The U.S. Securities and Exchange Commission (SEC) recently received backing from two Amicus Briefs in its ongoing legal battle with popular cryptocurrency exchange Coinbase. These briefs, submitted on Tuesday, lean in favor of the SEC’s argument that certain digital assets qualify as securities and should, therefore, come under its authority.
The Supporters Behind SEC
Former SEC officials, including ex-Chair Mary Jo White and Commissioner Robert Jackson Jr., were among those who filed one of the amicus briefs. They emphasized that digital assets sharing characteristics with securities should be governed by federal securities laws due to the similar risks and promises of returns they present to investors.
Furthermore, Professor Todd Phillips of the J. Mack Robinson College of Business and Beau Baumann, a doctoral candidate at Yale Law School, echoed these sentiments in another brief. Their support strengthens the SEC’s stance in its legal tussle with Coinbase.
In another development, the North American Securities Administrators Association (NASAA) contended that platforms like Coinbase function akin to securities exchanges but lack the appropriate regulatory oversight. This absence of regulation, NASAA argues, could potentially undermine investor protection.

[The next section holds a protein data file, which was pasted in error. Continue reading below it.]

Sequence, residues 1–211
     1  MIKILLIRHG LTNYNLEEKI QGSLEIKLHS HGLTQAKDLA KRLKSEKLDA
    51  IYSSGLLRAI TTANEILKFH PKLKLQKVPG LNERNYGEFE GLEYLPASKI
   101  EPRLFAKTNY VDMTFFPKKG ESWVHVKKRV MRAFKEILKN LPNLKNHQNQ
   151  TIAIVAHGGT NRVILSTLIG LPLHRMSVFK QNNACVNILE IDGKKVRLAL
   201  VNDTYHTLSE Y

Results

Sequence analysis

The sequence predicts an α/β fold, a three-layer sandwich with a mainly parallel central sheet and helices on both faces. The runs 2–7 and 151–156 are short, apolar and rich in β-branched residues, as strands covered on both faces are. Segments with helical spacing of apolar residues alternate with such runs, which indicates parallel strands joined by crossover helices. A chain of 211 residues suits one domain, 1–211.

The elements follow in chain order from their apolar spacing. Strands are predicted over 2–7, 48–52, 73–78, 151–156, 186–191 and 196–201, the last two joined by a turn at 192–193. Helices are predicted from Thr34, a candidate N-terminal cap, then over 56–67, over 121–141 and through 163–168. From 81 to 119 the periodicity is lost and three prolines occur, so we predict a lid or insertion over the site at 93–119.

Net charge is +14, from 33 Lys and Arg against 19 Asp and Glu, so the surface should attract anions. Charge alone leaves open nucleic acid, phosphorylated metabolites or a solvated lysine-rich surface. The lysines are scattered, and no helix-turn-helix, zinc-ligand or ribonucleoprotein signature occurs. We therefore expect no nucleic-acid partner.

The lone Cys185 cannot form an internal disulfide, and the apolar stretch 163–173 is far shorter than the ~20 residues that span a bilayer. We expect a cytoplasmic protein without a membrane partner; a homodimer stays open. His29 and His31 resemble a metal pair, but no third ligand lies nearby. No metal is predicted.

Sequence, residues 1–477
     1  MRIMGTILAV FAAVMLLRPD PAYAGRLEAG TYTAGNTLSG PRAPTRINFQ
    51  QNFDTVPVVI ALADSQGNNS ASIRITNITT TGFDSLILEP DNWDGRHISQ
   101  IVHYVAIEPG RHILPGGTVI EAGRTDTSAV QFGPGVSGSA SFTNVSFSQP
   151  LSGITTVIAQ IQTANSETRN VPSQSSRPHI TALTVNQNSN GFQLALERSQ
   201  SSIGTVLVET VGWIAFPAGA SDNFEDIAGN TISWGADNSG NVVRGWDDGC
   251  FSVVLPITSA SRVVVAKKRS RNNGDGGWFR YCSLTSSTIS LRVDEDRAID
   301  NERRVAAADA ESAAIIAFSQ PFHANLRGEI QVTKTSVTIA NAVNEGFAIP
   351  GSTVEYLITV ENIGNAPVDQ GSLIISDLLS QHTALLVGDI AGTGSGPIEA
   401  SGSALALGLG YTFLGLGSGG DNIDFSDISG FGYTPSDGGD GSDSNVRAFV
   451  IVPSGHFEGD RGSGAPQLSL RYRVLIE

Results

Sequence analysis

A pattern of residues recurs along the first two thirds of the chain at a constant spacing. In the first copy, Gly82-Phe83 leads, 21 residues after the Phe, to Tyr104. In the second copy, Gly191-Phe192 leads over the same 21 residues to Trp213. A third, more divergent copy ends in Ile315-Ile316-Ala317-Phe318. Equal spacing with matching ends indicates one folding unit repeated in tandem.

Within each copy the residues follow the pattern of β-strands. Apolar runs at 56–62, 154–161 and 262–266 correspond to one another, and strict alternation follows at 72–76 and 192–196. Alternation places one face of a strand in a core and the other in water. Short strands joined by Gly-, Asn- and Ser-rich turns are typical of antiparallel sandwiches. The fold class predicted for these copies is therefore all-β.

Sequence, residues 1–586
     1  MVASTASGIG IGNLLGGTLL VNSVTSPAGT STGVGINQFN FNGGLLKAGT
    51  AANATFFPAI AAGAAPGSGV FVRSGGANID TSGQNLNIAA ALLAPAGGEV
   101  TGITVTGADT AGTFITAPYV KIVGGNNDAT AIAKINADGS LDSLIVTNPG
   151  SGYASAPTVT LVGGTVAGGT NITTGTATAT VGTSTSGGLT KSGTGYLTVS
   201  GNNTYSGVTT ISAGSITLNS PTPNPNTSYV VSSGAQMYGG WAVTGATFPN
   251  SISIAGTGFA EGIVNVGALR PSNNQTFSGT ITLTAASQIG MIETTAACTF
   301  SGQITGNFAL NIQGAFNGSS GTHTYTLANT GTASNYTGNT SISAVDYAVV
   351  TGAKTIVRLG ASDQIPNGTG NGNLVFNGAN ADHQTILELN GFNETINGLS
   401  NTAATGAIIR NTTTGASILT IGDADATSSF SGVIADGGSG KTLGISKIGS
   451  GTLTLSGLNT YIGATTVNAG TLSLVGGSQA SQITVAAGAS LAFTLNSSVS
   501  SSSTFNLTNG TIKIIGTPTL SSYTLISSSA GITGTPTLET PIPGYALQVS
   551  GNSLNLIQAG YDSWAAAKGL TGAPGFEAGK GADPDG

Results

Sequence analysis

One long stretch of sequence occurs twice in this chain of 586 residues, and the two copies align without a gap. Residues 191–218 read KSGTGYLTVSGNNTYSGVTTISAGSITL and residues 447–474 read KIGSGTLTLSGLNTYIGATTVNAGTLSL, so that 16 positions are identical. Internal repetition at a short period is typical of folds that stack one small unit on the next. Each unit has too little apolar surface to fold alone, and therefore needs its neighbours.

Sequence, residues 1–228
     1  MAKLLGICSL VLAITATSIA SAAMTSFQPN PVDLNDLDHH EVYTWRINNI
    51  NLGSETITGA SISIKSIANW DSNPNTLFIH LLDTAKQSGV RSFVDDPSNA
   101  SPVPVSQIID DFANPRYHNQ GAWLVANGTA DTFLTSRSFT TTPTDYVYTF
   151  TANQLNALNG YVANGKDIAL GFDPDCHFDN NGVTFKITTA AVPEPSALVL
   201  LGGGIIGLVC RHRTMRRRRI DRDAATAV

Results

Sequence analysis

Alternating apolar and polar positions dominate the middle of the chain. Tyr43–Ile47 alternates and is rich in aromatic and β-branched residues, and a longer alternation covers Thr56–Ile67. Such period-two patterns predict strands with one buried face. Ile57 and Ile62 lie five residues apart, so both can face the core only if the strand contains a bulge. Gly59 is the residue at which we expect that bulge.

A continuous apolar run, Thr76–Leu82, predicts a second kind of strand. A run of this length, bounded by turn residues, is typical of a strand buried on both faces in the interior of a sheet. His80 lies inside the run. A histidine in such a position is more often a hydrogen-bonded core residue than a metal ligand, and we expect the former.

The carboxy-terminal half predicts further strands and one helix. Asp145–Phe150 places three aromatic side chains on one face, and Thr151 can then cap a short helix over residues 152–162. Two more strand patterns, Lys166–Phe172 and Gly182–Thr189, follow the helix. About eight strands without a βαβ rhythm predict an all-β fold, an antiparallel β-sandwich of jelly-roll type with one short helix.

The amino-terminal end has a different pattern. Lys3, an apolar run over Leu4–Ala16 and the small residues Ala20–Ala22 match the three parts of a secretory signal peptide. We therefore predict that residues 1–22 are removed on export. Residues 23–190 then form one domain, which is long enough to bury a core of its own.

Coinbase has refuted all the allegations levelled by the SEC, which accused the crypto exchange of breaching the Securities Exchange Act of 1934 and the Securities Act of 1933. This lawsuit is unfolding amid a backdrop of ongoing scrutiny and regulatory challenges faced by cryptocurrency entities in the U.S.
Recall of the Ripple Case
Earlier in the year, the SEC experienced a partial defeat in a similar lawsuit against Ripple, where the commission asserted that XRP was a security. A U.S. court, however, concluded that XRP’s sale on public exchanges adhered to federal securities laws, though it did fault Ripple for violations concerning institutional purchases of XRP.
The clarity of cryptocurrency regulations in the U.S. remains a contentious issue. Coinbase argues for ambiguity in the existing rules, while the SEC asserts the contrary. This lawsuit has attracted widespread attention, with critics, including several politicians and investors, accusing the SEC of stifling innovation in the burgeoning crypto space through its stringent measures.